A.V.Popov Articles Jordanville Moscow Patriarchate Rusak, Vladimir

Vladimir S. Rusak, Historian of the Russian Orthodox Church: Life and Legacy

A tribute to the Russian dissident and Jordanville faculty member written by his godson.

To Vladimir Rusak

Each day fate breaks me,
Strikes me, deceives me, crucifies me;
Bending my knees, I cry:
O Lord, why do You do this to me?

Surely I have given a full accounting
Of all my sins with You?
My life is at its end, and I am left with nothing.
For what, O Lord, could I be at fault?

All my dreams have melted away, like smoke.
I have been humbled, O Lord; You know
That I was easily wounded.
Do You purposefully choose such ones to torture?

Having always lived amidst troubles
As in prison, don’t throw your weight around, don’t complain,
I merely ask You, Who were crucified on the Cross,
O Lord, answer me, please.

I pray, without arguing or swearing,
O Lord, why do You do this to me? [1] Leonid Frolov.

0n April 20, 2019, Vladimir S. Rusak, a historian, long-time author, and friend of the Macarius Readings, passed away in Baranovichi, aged 70. The present article is an attempt to give an idea of the persona of Vladimir Rusak through the prism of documents from his personal archive, to shed light on the main milestones of his life, and to present his scholarly works on the history of the Russian Orthodox Church.

Vladimir Stepanovich Rusak was born into an Orthodox family on June 17, 1949, in Zornaia (Zviozdnaia) Village, Novomyshskii Rural Soviet, Baranovichi District, Brest Region. His parents, Stepan Ignat’evich Rusak (1906–1972) and Vera Stepanovna Rusak (1906–1982), were Orthodox Christians with a deep faith. They sought to pass on their faith and their attitude towards life and people to their children. Vladimir Rusak’s older brother, Archpriest Piotr Stepanovich Rusak (1938–1978), was widely known in Belarus’ as a priest and preacher of Orthodoxy. Vladimir Rusak’s older sister, Maria Stepanovna Rusak, also dedicated her entire life to the Orthodox Church. Her daughter Elena Iurut’, Vladimir Rusak’s cousin, worked as a choir director and was the first woman in Russia to graduate from Lenigrad Theological Academy. [2]Rusak, M. S. “Vospominaniia sestry Vladimira Stepanovicha Rusaka o brate” [“Recollections of Vladimir Rusak’s Sister about Her Brother”], in: Pravoslavnaia Rus’ [Orthodox Russia], No. … Continue reading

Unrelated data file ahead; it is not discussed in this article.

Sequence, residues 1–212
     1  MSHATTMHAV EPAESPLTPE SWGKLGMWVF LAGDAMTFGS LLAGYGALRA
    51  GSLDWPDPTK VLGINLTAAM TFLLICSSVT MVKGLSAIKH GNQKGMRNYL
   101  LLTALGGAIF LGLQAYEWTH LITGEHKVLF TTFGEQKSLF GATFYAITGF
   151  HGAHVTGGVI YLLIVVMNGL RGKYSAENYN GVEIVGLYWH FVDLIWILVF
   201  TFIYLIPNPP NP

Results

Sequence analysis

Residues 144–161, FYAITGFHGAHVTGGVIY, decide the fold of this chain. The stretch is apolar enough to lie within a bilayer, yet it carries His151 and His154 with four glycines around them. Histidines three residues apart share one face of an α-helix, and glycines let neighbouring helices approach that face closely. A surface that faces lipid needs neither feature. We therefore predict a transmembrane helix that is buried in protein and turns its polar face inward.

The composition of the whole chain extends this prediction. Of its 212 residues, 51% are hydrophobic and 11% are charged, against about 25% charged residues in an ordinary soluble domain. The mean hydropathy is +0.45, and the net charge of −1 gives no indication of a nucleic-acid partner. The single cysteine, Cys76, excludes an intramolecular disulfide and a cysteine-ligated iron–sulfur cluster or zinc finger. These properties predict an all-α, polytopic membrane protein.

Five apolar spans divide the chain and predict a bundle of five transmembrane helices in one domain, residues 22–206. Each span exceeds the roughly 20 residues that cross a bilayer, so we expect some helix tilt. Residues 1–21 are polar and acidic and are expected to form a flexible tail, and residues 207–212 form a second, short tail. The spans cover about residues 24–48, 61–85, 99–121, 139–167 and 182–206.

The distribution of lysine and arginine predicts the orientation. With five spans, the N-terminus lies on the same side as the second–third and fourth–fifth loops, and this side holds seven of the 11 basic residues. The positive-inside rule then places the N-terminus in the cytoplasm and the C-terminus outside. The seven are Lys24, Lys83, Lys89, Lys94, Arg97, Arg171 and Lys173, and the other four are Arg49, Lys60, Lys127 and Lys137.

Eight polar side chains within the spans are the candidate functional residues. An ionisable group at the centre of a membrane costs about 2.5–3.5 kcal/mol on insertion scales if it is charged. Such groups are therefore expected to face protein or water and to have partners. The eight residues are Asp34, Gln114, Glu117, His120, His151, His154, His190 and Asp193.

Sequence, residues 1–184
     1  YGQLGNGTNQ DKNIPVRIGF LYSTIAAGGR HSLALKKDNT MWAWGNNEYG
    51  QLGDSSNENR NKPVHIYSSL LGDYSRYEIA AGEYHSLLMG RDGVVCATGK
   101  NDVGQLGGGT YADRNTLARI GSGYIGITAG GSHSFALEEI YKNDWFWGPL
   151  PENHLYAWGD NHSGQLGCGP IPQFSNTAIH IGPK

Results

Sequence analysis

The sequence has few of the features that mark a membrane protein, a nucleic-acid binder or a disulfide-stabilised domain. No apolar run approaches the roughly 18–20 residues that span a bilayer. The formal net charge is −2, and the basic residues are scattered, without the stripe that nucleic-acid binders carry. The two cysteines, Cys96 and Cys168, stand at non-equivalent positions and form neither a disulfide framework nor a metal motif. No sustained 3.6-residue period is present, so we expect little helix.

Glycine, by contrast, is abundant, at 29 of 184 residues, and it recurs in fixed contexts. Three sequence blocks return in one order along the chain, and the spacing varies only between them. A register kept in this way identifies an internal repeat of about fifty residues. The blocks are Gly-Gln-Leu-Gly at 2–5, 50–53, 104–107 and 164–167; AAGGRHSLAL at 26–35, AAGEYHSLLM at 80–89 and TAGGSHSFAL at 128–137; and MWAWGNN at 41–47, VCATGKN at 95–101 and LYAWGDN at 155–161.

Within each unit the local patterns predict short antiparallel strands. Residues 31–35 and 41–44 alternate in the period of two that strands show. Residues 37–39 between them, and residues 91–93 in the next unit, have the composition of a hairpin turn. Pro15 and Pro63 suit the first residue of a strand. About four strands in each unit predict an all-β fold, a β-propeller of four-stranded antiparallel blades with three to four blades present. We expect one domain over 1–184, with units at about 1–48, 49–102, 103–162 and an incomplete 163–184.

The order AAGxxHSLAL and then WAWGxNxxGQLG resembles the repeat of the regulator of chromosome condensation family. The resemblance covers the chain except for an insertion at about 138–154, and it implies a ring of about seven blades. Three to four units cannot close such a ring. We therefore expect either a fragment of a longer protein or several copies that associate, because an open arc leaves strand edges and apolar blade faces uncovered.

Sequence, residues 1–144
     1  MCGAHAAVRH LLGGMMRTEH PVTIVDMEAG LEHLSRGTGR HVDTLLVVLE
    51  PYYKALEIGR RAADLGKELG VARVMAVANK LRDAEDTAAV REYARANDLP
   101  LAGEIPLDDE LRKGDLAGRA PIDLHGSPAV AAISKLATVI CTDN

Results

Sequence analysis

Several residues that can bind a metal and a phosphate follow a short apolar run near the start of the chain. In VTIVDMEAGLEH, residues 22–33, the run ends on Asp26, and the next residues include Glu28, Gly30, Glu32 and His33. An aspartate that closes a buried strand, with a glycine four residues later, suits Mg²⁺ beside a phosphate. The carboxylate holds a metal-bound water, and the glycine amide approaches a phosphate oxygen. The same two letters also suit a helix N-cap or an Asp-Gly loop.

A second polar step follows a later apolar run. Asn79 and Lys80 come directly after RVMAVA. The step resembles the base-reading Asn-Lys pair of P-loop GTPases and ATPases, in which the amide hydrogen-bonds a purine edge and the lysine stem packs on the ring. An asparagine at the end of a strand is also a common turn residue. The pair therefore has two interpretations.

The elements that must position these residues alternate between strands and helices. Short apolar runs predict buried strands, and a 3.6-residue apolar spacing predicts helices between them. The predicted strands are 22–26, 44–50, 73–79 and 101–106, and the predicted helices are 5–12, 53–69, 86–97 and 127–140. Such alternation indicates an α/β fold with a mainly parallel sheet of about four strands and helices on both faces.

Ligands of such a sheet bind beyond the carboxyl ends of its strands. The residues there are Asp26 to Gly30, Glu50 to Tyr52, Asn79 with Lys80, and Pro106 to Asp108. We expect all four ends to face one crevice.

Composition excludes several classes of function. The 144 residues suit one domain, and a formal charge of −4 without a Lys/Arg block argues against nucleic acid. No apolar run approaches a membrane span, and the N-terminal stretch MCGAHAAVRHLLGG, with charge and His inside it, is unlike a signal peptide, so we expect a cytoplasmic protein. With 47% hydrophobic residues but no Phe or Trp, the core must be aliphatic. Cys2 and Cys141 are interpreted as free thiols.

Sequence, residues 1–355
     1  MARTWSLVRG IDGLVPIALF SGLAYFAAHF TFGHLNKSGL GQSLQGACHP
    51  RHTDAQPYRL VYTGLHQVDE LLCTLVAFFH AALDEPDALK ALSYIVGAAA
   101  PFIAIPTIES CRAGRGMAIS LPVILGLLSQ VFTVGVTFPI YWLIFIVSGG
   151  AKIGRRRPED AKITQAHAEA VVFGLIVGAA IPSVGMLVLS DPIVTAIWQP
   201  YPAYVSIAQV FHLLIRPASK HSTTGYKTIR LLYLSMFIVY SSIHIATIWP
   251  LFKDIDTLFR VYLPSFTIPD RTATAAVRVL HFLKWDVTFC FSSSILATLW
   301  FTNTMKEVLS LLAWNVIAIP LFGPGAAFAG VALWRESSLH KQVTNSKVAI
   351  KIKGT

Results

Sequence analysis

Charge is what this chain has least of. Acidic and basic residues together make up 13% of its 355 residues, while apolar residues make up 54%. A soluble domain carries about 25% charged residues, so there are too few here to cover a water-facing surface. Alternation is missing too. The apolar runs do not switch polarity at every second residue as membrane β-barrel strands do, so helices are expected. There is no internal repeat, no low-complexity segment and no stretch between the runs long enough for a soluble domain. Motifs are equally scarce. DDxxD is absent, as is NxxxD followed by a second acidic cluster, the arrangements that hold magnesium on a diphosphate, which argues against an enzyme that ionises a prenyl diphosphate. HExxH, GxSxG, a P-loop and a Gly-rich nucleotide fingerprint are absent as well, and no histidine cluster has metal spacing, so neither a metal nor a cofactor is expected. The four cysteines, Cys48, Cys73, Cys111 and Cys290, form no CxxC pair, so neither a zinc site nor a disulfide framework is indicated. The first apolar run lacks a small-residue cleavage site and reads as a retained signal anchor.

From 1967–1970, Vladimir Rusak studied at the Faculty of Physics and Mathematics of Minsk State Pedagogical Institute. In 1970, he decided to dedicate his life to the Church and dropped out of the Institute. His brother Archpriest Piotr Rusak helped him to prepare for the entrance examinations for the Theological Seminary. Vladimir Rusak passed the exams with flying colours and was immediately admitted to the seminary as a second-year student.

In 1973, he graduated first in his class from the Theological Seminary. He was recommended and admitted to Moscow Theological Academy in Zagorsk. While studying at the Academy, he began to work in the Moscow Patriarchate Press.[3]Rusak, V. “Uchebnyi god zavershen: v Moskovskikh dukhovnykh shkolakh” [“End of the Academic Year in the Moscow Theological Schools”], in: Zhurnal Moskovskoi Patriarkhii [Journal of the Moscow … Continue reading

From 1970–1980, he worked at the Journal of the Moscow Patriarchate as an intern, analyst, editor, and from 1977 onward as an academic editor. In 1976, Vladimir Rusak was ordained as a deacon. In 1977, he graduated from Moscow Theological Academy with a Candidate’s degree in theology. His thesis topic was “Early Christian Apocrypha and Their Christological Content”. In parallel to his work as an editor of the Journal of the Moscow Patriarchate, he wrote a book on the history of Bolshevik oppression of the Orthodox Church. From 1980–1981, he served as a deacon in Ivanisovo Village, Noginsk District, Moscow Region. In 1982, he was transferred to Vitebsk, as he himself had requested in a petition to Metropolitan Philaret (Vakhromeev) of Belarus.
In 1983, he was stripped of his registration by the Plenipotentiary Representative of the Council for Religious Affairs of the Council of Ministers of the USSR for giving a sermon about martyrs for the faith in the Soviet Union, leading to his being forced out of the place of his ministry and sent to Zhirovichi Monastery. Later, he served for a brief time in a church in David-Gorodok.[4]“Presledovanie diakona Vladimira Rusaka” [“Persecution of Deacon Vladimir Rusak”], in: Pravoslavnaia Rus‘ 20/1986, p. 5

In 1983, Vladimir Rusak wrote an open letter to the delegates of the 6th General Assembly of the World Council of Churches in Vancouver about the oppressed state of the Russian Orthodox Church in the USSR. The letter was not read aloud at the assembly due to protests by the Soviet delegation, but people found out about it after the Archbishop of Canterbury made a statement at a press conference.

Rusak subsequently returned to his place of permanent residence in Moscow. He worked as a guard at Moskvoretsky Vegetable Storehouse, and later in Building Management Center No. 13 for Kiev District, Moscow.

On April 23, 1986, he was arrested by KGB agents for his (then-unpublished) book Svidetel’stvo obvineniia [Witness for the Prosecution], which had been making the rounds in samizdat (self-publishing). This is how he described the day of his arrest: “It’s not light out at all. Early in the morning, I go out onto the sleepy streets of the Arbat and head down into my “office”, a semi-subterranean space set apart as a break-room for me. I take my “tools” – a broom, dustpan, and bucket – and begin my workday.